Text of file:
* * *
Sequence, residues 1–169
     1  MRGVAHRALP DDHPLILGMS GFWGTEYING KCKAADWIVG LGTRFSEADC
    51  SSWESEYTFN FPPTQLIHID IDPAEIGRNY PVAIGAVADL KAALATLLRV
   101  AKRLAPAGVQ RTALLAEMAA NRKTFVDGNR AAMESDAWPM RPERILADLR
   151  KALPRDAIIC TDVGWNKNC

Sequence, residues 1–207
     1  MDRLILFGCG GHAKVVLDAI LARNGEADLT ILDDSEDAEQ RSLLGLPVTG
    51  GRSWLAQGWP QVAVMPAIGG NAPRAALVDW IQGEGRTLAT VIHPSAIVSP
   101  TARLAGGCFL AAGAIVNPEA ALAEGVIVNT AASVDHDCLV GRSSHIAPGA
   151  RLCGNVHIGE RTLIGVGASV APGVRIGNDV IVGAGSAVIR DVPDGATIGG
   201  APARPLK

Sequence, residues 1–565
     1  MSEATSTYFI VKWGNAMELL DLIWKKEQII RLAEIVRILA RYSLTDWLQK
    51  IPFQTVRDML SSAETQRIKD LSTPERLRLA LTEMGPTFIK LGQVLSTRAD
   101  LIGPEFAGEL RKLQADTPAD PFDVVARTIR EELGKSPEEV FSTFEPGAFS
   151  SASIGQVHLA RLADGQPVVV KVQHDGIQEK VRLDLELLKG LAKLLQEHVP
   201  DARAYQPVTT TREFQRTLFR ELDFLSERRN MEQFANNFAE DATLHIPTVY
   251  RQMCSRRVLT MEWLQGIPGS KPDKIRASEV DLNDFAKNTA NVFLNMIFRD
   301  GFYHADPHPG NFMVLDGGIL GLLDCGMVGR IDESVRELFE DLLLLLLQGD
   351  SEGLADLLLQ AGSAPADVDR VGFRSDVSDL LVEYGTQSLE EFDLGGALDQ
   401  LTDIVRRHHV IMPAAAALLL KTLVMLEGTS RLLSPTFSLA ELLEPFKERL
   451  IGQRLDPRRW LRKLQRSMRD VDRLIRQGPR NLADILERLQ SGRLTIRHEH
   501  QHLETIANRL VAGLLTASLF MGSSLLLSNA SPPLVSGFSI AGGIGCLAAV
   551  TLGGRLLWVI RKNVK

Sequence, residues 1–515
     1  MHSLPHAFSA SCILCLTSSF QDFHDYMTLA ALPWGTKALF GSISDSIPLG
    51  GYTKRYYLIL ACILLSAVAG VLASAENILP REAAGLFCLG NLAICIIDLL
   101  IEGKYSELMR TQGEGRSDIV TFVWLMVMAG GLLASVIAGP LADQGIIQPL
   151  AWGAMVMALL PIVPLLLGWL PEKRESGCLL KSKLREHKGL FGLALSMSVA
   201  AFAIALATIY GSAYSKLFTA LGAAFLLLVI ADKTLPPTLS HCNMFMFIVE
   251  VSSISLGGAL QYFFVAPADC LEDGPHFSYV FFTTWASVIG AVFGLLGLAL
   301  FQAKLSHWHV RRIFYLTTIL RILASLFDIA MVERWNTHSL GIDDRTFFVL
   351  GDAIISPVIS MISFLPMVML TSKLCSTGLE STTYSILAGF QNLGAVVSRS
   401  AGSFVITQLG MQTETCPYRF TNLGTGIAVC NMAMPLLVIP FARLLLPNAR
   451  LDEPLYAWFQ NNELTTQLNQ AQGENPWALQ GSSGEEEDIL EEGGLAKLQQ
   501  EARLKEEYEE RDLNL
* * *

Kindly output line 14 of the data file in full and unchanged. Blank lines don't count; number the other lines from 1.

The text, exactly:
    51  IPFQTVRDML SSAETQRIKD LSTPERLRLA LTEMGPTFIK LGQVLSTRAD